In the opening round Saad Muhammad threw 44 jabs, although very few found Braxton, who did little more than test-fire the howitzers that had stopped eight of his last 10 opponents.
Then Braxton uncoiled. He doesn't try to jab at people, but through them, as though aiming for the back of the head or the spine. He delivers the jab like a battering ram, a savage jolt to the chest or a head-snapping bolt to the chin. Midway through the second round he hurt the champion with a heavy right to the head, and then rocked him again with a right uppercut near the end of the round. Another right hand riding behind a snapping jab hurt Saad Muhammad in the third. At the bell Braxton was busily working over the champion's head and body.
A savage jab had blood pouring from the champion's nose in the fourth, and he was rocked twice by right hands. By now Saad Muhammad had all but shelved his jab, which was proving useless against Braxton's well-planned assault. The champion had expected a heavy body attack; instead he was being torn apart by the jab and by right-hand rockets to the head. Saad Muhammad switched to heavier guns: He tried to load up for an overhand right, and he dropped his left as he looked for an opening for the upper-cut. All he accomplished was to leave himself open for even more right hands.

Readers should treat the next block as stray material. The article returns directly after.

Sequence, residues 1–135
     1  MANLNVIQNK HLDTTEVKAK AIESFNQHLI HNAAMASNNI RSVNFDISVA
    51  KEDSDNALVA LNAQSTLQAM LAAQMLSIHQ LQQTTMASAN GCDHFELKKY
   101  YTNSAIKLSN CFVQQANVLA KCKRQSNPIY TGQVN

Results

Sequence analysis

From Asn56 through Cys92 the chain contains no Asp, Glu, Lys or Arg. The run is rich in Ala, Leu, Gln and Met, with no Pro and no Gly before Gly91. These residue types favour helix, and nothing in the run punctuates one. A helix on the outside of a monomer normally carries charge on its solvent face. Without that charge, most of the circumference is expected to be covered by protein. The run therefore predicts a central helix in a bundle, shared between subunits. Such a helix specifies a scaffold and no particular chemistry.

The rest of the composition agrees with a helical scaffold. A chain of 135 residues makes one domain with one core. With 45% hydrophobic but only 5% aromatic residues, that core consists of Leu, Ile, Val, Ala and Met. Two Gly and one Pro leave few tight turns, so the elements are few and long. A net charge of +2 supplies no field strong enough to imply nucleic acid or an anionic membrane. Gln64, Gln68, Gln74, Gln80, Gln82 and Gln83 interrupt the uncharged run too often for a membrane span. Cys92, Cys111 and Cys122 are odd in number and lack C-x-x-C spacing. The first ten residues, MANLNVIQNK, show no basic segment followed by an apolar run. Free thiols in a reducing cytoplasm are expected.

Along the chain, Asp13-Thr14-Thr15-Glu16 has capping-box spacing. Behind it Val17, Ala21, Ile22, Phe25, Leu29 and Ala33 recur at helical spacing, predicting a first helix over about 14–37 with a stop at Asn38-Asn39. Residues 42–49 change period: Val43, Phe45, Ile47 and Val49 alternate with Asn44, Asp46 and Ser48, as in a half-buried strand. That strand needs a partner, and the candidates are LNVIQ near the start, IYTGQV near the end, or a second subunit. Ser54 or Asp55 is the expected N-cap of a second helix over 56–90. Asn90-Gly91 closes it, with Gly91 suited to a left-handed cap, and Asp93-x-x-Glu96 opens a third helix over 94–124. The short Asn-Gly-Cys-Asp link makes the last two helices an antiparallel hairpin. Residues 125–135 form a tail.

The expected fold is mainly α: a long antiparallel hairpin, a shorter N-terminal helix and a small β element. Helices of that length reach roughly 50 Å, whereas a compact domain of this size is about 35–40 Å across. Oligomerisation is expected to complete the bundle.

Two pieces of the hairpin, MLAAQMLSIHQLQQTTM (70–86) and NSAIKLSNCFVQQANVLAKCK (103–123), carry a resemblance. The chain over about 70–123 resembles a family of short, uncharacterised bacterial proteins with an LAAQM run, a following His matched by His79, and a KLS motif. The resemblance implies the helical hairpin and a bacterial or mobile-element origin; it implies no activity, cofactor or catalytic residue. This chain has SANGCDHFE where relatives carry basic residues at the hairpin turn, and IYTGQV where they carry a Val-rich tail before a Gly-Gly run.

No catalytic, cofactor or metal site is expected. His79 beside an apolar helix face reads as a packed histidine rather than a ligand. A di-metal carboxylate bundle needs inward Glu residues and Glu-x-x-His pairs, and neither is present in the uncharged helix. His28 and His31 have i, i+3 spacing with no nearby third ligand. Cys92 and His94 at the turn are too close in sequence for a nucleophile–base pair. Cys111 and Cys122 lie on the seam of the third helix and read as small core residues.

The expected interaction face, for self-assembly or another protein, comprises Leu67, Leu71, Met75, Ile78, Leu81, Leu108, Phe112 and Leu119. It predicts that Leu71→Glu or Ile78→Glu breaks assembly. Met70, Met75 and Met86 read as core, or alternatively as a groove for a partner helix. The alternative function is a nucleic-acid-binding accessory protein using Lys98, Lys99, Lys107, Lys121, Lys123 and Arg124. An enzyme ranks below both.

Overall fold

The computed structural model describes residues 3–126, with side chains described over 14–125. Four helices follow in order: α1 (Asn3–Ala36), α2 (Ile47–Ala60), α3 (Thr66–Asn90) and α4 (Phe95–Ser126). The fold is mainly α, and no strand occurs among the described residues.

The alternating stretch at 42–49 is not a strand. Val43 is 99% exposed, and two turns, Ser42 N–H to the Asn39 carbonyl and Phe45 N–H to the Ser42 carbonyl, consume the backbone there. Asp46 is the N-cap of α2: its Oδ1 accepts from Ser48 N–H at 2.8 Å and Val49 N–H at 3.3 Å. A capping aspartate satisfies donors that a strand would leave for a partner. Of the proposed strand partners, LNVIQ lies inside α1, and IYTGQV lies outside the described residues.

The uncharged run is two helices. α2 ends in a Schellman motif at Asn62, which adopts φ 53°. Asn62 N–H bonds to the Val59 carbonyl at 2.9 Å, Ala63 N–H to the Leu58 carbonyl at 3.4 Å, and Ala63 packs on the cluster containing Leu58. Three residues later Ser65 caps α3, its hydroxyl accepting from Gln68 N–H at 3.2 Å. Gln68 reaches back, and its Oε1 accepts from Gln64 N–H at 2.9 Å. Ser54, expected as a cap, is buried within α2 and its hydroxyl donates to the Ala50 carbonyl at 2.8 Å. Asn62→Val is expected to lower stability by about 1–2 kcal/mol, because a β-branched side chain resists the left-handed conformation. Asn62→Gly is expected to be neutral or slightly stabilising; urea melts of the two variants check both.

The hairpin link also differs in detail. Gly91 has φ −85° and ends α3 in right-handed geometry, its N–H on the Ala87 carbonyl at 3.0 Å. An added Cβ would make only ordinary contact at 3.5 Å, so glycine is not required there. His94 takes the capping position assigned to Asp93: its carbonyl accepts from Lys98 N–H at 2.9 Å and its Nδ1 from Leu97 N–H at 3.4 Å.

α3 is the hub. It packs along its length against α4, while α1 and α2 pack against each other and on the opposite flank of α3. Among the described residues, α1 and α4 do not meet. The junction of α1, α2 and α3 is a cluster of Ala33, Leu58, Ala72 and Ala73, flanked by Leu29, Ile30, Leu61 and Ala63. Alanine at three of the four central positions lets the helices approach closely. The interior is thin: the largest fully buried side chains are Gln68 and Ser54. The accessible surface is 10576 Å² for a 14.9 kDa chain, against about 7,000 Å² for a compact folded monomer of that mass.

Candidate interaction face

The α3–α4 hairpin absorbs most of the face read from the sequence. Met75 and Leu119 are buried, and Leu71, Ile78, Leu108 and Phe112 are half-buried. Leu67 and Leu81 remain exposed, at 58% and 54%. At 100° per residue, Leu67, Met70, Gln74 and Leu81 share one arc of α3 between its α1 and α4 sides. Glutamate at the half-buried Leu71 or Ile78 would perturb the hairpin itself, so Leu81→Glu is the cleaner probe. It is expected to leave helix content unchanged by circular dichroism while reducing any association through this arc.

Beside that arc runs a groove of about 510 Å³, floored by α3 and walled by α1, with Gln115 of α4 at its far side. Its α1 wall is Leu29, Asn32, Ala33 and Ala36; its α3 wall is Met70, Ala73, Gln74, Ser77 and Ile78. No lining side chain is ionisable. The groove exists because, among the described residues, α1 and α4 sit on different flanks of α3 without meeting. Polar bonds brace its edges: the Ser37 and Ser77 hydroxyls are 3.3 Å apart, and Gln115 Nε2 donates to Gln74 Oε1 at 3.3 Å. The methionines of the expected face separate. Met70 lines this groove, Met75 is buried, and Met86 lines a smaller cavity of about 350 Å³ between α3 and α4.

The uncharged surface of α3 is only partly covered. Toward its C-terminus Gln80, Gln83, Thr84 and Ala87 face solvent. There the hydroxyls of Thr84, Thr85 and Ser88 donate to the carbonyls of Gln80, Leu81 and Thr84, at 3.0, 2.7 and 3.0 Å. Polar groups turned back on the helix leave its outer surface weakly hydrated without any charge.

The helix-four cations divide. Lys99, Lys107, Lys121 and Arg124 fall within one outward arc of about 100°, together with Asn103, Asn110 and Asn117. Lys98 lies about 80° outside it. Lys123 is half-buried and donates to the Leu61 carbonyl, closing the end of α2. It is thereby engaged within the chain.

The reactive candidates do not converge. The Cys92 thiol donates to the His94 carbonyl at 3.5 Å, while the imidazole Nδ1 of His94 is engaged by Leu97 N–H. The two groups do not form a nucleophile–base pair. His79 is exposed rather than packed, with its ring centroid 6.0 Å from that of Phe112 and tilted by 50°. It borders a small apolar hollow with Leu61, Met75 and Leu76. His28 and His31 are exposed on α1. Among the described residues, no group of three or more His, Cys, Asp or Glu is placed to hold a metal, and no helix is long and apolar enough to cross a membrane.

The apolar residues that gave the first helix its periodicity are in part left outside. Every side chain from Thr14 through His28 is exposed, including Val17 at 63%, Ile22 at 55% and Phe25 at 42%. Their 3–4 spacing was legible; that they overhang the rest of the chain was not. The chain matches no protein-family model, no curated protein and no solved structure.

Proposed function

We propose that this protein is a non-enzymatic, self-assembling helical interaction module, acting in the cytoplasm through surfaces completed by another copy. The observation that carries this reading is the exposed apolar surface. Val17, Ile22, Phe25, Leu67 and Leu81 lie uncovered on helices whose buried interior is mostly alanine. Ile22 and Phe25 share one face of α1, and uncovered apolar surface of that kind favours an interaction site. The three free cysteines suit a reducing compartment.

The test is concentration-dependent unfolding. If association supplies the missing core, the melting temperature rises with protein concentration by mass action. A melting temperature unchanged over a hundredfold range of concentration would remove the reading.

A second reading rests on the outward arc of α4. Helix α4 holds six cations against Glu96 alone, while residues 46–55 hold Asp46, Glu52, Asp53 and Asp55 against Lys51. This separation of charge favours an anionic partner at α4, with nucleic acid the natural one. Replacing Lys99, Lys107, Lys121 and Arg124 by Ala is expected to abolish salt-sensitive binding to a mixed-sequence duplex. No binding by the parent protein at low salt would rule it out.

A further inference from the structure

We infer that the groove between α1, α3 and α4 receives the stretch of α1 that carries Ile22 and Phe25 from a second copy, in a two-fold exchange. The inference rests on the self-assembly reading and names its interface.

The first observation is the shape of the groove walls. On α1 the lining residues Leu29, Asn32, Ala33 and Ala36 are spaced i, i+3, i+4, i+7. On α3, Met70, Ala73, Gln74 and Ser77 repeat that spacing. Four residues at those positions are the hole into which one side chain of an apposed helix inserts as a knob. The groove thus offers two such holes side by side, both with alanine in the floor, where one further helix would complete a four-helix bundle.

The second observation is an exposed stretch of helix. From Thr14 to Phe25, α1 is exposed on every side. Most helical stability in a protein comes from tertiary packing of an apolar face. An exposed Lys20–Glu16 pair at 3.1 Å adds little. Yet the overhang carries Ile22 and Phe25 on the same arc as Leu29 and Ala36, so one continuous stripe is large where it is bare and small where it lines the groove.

The pattern didn't change. Braxton rocked the champion in the sixth with a stunning counter-hook and wobbled him in the eighth with an overhand right that sent blood splattering two rows out. At the end of the eighth, Braxton peered at Saad Muhammad as though wondering what was keeping him erect.